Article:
Gene expression is very complex. My paper, which was published in Cell today, just shows that it is more complicated than previously realized.
Traditionally, eukaryotic gene expression is divided into five steps:
- Transcription (mRNA synthesis): this step is subdivided into initiation (i.e. recruitment of specific & general transcription factors, which in turn recruit/activate RNA polymerase II (pol II) up to the synthesis of the first few nucleotides; then comes the elongation step and finally the termination.
- mRNA maturation: includes capping, splicing and polyadenylation (which occur co- or post- transcriptionally).
- mRNA export: export of the mRNA from the nucleus into the cytoplasm
- mRNA decay (degradation): this step is subdivided into deadenylation (removal of the poly-A tail), followed by decapping (removal of the 5’ cap) and ending in exonucleolytic digestion to single nucleotides.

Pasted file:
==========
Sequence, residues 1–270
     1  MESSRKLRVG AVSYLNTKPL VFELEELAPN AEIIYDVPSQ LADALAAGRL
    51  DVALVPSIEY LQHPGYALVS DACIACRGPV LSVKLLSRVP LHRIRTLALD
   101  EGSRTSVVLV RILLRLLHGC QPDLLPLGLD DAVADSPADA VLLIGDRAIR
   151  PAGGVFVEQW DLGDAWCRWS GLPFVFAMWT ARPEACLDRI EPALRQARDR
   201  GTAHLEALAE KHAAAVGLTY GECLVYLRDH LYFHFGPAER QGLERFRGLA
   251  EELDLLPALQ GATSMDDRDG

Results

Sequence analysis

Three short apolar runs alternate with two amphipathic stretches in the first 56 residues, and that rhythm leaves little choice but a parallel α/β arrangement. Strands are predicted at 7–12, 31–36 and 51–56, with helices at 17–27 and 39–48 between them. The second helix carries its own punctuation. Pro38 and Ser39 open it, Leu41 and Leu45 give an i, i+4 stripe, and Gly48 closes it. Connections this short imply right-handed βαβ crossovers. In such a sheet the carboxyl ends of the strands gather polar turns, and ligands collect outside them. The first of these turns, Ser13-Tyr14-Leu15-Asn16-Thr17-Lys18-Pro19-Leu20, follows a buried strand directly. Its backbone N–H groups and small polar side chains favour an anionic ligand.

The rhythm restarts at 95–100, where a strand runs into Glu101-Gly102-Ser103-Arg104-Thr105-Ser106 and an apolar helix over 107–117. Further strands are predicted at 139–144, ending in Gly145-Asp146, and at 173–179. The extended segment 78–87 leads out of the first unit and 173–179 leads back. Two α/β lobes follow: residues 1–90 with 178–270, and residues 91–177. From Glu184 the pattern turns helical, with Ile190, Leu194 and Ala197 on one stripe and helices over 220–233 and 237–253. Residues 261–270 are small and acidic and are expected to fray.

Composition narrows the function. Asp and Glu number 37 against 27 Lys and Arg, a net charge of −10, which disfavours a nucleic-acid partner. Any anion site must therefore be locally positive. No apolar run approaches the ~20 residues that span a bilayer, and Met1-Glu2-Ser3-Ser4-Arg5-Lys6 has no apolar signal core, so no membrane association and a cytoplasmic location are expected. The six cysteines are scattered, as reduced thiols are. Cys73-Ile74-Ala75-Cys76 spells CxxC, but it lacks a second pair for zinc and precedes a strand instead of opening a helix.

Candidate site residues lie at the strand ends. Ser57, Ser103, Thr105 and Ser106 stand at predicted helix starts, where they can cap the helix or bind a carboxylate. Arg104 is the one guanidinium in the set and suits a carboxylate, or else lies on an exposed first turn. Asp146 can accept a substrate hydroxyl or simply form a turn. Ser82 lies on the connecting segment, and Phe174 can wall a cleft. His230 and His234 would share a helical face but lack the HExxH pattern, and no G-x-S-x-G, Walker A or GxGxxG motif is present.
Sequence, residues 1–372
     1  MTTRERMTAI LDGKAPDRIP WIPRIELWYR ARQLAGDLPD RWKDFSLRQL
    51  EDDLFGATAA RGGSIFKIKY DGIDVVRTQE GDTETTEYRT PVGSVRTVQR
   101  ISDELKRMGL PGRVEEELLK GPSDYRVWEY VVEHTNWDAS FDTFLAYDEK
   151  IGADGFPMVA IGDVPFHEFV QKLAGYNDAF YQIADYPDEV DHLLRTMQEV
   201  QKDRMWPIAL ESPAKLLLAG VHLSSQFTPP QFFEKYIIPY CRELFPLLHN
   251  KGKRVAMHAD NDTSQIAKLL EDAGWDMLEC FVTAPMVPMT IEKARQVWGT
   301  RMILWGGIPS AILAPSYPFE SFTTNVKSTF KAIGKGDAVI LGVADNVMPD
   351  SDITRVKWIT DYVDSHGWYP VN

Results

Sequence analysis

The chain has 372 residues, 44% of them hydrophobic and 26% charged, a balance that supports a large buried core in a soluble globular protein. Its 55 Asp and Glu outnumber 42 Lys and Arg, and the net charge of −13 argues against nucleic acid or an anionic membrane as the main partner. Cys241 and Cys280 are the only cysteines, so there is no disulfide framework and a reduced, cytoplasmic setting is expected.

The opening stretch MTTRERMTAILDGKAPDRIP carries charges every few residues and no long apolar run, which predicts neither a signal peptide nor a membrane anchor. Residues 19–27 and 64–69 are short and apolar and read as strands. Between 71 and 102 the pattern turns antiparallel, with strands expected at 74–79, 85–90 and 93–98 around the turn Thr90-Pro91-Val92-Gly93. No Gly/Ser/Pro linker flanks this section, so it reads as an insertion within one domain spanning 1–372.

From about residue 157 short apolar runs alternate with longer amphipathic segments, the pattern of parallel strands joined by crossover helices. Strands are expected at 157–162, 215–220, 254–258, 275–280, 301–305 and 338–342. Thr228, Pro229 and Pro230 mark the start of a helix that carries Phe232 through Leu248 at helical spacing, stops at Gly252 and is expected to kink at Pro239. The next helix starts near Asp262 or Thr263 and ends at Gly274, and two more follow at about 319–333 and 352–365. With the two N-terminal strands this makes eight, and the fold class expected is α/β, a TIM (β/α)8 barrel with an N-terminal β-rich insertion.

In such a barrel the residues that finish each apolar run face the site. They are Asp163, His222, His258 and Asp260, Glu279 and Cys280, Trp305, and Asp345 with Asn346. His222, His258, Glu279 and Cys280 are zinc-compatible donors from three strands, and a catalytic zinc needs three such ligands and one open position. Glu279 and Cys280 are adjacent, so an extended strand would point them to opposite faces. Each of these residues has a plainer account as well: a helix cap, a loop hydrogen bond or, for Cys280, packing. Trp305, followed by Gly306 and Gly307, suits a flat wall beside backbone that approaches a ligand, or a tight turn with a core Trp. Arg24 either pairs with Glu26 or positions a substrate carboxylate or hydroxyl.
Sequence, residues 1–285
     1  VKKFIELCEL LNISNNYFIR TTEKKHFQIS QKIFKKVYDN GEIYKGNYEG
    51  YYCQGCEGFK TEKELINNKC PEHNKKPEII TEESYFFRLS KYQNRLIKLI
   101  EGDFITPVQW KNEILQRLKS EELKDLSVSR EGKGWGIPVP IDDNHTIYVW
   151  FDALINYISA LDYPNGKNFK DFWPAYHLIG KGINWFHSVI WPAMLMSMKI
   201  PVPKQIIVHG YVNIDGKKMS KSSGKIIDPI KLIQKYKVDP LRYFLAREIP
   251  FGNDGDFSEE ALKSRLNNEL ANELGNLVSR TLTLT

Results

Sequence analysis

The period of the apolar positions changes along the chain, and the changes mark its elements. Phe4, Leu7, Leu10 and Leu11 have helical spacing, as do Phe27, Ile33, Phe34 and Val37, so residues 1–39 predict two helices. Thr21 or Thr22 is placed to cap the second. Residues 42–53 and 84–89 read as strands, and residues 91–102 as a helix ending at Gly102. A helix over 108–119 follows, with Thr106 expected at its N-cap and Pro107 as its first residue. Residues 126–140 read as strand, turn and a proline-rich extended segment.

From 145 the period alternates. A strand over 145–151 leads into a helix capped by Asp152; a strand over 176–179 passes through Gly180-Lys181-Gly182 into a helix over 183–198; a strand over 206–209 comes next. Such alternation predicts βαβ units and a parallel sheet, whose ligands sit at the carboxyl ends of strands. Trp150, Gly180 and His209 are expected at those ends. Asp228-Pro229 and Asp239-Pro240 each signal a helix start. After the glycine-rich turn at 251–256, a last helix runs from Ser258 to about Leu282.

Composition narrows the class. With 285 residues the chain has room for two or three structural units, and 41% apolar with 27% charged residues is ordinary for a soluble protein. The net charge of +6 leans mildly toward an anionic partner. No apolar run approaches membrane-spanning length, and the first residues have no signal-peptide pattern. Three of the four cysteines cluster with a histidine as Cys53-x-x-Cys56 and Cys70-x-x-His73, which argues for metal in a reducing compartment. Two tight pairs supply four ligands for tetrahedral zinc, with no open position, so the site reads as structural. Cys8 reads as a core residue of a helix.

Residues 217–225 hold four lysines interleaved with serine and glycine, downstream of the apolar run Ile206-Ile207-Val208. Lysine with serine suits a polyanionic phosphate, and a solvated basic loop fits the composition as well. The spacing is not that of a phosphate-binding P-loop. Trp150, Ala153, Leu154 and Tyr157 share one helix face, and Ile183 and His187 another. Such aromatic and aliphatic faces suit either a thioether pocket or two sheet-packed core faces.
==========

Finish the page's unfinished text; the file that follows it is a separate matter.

Recent research showed that all these steps are coupled, meaning that each step depends on the proper execution of the previous step (usually by common factor(s) that participate in both steps). Our lab and others showed that transcription regulatory elements (pol II subunits, as well as promoter sequences and transcription factors) can regulate the cytoplasmic steps (translation & decay) [see review reference at the bottom].
This traditional view sees this as a linear process, i.e. it begins with transcription and ends with mRNA decay. My work (in collaboration with 4 other labs) shows that the mRNA decay machinery is imported into the nucleus, where it associates with chromatin at promoters (exactly at the assembly site of the pre-initiation complex) and along the genes. In the nucleus, these decay factors stimulate transcription initiation and transcription elongation.
Importantly, this role in transcription is directly linked, and is dependent, on their role in mRNA decay, fitting the definition of “coupling” the processes. Thus, the gene expression process is not linear, but circular.